Posted On: August 13, 2008

September 2008 Visa Bulletin

The Department of State Released its latest Visa Bulletin today. The September 2008 visa bulletin still shows employment based third preference (EB-3) visas as unavailable while the employment based second preference (EB-2) is current for all areas of chargeability except for China and India. The EB-2 priority dates for China and India have moved up to August 1, 2006. Click here to view the September 2008 Visa Bulletin.

Posted On: August 13, 2008

The fine for "Benching" H-1B employees

The Immigration and Nationality Act (INA) permits employers to employ nonimmigrant alien workers in H-1B specialty occupations in the United States. In order to employ H-1B non-immigrants, an employer must obtain certification from the United States Department of Labor (DOL) after filing a Labor Condition Application (LCA). The LCA stipulates the wage levels and working conditions that the employer guarantees for the H-1B non-immigrants. After the employer received a certified LCA, the employer then petitions The United States Citizenship and Immigration Services (USCIS) for an H-1B visa on behalf of the nonimmigrant. An employer violates the INA if, for employment-related reasons, it fails to pay an H-1B nonimmigrant worker who is in "nonproductive status." Employment-related nonproductive status results from factors such as lack of available work for the non-immigrant or a non-immigrant's lack of a permit or license. Furthermore, an employer violates the INA when it deducts from a nonimmigrant's wages filing fees that INS collects from the employer to process the H-1B petition.

In a recent decision, Rajan v. International Business Solutions, Ltd.,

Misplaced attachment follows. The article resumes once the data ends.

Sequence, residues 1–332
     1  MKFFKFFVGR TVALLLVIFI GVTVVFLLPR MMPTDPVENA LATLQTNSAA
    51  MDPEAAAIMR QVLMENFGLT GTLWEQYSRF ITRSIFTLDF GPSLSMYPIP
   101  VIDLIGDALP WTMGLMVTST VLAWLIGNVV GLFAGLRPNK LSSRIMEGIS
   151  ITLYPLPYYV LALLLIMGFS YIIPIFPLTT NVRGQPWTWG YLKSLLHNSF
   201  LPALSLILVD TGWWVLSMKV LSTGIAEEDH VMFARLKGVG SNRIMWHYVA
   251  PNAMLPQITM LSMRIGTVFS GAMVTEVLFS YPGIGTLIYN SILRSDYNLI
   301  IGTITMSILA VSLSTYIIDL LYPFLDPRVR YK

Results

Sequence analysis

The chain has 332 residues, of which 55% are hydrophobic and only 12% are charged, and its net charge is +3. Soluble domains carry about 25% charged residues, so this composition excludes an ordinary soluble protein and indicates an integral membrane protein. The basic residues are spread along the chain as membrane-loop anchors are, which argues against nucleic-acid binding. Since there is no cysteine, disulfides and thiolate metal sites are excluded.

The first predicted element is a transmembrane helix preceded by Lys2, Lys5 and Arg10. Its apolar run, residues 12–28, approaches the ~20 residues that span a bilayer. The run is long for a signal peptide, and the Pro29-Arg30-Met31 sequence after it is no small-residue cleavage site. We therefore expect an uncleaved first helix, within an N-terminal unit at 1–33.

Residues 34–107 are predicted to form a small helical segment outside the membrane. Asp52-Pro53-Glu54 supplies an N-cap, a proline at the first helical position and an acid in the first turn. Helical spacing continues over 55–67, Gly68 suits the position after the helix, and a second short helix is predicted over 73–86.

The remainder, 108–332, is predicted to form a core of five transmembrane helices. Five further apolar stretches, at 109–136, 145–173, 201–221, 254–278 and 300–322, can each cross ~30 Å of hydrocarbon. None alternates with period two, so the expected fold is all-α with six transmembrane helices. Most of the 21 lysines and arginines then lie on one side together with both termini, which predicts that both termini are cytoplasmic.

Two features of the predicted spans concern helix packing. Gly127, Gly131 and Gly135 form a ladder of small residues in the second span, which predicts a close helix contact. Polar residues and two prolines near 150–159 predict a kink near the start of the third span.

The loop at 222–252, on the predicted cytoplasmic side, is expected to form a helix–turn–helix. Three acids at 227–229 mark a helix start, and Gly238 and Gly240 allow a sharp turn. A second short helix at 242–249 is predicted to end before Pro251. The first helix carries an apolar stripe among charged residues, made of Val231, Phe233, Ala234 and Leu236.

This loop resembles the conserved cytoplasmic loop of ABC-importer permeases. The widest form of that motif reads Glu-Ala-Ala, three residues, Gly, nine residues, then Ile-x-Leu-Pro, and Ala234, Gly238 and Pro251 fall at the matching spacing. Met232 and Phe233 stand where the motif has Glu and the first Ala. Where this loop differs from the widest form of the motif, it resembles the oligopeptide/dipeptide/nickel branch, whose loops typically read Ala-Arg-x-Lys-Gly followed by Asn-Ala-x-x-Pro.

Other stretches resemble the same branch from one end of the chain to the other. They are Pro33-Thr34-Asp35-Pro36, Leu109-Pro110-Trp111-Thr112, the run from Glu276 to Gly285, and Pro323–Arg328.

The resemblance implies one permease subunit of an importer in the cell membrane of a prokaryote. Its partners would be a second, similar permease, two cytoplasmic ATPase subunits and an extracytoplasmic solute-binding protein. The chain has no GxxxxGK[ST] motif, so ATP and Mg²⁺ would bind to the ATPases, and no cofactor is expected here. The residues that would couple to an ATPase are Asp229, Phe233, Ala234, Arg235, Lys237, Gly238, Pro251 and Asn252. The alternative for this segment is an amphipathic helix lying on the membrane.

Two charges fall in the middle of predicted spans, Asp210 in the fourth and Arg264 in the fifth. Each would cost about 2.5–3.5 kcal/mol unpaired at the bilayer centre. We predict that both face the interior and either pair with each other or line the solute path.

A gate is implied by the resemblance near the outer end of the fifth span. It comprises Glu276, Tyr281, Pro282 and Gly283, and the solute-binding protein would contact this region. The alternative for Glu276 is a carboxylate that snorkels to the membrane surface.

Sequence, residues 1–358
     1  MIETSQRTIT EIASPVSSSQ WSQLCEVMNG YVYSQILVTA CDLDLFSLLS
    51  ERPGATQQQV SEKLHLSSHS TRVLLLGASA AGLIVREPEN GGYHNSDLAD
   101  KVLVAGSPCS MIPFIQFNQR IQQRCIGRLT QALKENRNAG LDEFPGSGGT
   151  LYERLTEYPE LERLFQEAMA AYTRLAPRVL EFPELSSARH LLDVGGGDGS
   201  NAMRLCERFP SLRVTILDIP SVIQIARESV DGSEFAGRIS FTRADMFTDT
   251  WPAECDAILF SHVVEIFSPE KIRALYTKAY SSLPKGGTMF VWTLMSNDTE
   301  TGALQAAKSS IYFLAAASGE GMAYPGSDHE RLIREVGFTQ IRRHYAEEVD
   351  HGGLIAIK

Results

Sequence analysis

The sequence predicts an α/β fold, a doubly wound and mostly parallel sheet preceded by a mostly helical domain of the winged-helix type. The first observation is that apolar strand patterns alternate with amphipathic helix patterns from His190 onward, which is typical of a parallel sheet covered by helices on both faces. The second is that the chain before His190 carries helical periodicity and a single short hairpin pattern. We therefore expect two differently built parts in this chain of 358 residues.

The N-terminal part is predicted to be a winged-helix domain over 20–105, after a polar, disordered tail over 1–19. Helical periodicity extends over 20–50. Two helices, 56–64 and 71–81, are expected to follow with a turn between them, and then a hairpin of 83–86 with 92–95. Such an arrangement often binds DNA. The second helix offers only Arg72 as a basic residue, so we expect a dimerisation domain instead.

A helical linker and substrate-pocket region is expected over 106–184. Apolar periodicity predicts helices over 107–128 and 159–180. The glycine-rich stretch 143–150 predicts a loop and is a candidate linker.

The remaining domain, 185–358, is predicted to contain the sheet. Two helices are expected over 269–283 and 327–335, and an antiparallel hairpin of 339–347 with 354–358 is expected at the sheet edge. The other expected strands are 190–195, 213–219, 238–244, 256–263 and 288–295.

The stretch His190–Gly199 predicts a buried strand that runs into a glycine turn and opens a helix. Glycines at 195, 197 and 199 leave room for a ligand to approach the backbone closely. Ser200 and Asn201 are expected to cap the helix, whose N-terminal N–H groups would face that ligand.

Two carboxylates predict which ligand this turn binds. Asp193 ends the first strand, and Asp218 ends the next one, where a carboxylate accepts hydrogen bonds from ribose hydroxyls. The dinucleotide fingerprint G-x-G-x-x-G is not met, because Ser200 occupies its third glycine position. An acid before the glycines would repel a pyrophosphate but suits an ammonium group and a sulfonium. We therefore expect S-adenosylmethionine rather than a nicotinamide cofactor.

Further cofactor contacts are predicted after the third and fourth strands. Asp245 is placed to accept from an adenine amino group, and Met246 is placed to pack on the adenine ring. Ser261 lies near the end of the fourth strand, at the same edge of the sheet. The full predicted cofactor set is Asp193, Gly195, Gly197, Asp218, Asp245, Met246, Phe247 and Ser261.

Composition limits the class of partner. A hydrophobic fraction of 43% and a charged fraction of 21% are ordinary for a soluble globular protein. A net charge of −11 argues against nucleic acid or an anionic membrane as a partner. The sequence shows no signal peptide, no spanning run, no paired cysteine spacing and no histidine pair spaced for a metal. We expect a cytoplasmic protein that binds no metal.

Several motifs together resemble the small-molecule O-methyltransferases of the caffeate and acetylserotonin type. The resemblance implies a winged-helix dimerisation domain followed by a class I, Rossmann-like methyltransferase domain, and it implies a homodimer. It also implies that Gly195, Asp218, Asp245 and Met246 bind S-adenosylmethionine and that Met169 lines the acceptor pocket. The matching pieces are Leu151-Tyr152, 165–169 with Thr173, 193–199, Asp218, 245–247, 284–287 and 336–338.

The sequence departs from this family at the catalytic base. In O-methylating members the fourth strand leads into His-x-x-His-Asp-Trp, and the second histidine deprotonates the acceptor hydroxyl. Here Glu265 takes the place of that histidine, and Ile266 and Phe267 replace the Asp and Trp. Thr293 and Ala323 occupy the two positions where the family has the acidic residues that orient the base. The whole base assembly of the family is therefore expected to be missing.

03-104 (ARB 8/31/04), the U.S. Department of Labor’s Administrative Review Board (ARB) examined some important H-1B related issues relating to the LCA. In particular, the ARB benching in the context of the LCA, the validity of a beneficiary’s employment start and end dates and payment of H-1B fees by an H-1B beneficiary.

Case Background
International Business Solutions, Ltd (IBS), hired Ms. Rajan in a specialty occupation on an H-1B. IBS subsequently discharged Ms. Rajan after it failed to pay her salary while she was in nonproductive status (i.e., she was on “bench”). Ms. Rajan complained to theDOL’s Wage and Hour Division seeking back wages and reimbursement of $1,500 she paid to IBS, at its request, for the H-1B filing fee. After an investigation, the DOL found that IBS had violated the INA by failing to post notice of the LCA and failing properly to establish the prevailing wage rate. The DOL’s administrator did not make findings regarding Ms. Rajan's complaint that IBS failed to pay her wages and charged her for the H-1B filing fee. Ms. Rajan then requested a hearing before an Administrative Law Judge (ALJ) who found that IBS violated the INA by failing to compensate her while in nonproductive status and by assessing her money to pay the H-1B filing fee. The ALJ accordingly ordered IBS to pay Ms. Rajan back wages and to reimburse her for the money she had paid IBS for the fee. The ALJ remanded the case to the Administrator to determine whether to impose a civil money penalty for the filing fee violation. IBS petitioned for review of the ALJ's decision.